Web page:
In February I received a letter from Chrysler stating that our 2017 Pacifica Hybrid was subject to another recall. Several of the minivans had inexplicably caught fire and, given the evidence, the automaker suspected it could be related to the high-voltage battery pack. The recall notice told us not to charge the vehicle or park it near a house or garage – or any other building, for that matter.
The solution? The company didn’t have one and couldn’t tell me when it might.
to have covered memories like this before“I thought we would be in it for the long haul. And I was right. A few days ago, nearly eight months after the recall was first issued, Chrysler’s parent company Stellantis said it had a solution. There would be a software update and dealers would inspect and replace suspected batteries.
Worryingly, the automaker still hasn’t figured out what started the dozen fires, but said the repairs would prevent them from happening.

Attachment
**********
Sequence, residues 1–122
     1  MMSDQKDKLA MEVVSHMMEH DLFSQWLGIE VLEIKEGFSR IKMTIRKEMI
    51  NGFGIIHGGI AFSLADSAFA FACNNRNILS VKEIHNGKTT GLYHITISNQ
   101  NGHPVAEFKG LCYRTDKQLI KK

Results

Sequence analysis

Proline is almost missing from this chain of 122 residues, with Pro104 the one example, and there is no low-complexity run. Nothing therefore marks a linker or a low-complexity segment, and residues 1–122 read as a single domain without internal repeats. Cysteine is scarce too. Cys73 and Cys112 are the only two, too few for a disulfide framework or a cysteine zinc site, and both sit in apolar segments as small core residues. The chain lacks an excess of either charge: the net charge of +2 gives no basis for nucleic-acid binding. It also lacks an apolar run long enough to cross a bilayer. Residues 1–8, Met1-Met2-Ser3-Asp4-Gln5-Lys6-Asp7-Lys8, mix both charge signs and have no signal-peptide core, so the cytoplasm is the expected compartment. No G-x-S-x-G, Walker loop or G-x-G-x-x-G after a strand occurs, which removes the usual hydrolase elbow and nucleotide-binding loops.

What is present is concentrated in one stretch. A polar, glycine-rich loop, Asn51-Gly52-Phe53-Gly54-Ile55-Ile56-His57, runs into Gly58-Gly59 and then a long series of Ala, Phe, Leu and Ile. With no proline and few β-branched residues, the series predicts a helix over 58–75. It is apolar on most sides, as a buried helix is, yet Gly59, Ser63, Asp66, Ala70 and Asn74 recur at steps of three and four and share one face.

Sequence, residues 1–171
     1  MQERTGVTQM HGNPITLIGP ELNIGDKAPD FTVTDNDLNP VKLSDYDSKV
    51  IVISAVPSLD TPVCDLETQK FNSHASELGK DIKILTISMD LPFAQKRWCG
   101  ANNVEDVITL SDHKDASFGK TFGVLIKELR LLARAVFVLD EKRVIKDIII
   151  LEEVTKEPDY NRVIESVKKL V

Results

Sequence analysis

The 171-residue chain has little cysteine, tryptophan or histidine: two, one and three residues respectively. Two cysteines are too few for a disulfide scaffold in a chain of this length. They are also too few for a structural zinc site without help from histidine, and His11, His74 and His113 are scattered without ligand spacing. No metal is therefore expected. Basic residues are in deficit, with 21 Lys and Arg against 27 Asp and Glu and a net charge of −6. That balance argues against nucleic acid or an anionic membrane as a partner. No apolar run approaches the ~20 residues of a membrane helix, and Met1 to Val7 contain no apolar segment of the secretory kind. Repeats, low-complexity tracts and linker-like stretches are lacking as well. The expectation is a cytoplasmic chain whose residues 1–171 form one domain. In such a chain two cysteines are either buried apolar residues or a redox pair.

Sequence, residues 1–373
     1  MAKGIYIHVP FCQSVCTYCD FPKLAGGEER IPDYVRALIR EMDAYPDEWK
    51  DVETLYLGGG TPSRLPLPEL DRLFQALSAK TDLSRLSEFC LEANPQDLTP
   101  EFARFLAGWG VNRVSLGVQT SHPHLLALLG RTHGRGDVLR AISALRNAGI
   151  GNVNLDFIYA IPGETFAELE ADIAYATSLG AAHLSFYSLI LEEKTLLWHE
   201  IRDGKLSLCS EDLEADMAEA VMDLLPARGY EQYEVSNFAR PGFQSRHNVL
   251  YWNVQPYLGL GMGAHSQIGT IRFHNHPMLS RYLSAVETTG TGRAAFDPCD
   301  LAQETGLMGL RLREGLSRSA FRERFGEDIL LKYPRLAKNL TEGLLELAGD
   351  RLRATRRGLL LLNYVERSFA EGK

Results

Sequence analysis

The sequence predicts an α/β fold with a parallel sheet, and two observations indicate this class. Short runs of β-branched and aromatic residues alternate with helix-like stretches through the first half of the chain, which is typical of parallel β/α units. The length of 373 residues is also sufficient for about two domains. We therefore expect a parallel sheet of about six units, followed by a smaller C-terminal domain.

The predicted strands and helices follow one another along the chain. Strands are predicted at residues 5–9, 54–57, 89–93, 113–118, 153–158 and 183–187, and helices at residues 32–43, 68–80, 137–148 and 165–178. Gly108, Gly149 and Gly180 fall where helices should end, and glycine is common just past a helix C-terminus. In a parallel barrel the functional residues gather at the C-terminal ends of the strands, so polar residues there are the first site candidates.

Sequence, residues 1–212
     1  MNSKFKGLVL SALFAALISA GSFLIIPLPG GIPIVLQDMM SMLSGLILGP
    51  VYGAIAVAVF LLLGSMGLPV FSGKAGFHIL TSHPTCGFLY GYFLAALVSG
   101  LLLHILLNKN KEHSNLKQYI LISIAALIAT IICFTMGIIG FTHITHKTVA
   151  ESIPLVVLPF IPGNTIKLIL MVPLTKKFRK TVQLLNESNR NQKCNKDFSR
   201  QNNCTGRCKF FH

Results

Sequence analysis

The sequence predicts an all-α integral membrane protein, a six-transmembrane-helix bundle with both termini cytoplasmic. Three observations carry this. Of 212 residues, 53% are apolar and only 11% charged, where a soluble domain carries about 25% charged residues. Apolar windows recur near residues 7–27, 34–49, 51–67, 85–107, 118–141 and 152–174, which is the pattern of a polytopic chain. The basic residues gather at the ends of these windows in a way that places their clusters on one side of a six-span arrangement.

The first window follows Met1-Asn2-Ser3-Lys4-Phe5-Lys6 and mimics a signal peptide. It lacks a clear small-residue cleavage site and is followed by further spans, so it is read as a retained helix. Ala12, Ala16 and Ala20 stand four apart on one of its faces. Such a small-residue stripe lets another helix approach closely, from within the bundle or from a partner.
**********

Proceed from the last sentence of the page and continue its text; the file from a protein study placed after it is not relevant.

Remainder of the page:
Yes, I’m glad Chrysler and Stellantis have a remedy (which they are required by law to provide) that will (I hope) eliminate a very serious fire risk. Obviously, I’d prefer if the remedy were also accompanied by an explanation for the burns – I wouldn’t want to learn first-hand if the forthcoming solution doesn’t address the root cause. But Stellantis assured me that it has been validated to address the circumstances under which fires have occurred.
As the energy transition progresses there will be bumps in the road and I understand it is impossible to design a completely trouble free vehicle. But reminds that preventing EVs and plug-in hybrids from charging adds pollution. Perhaps there should be consequences to that.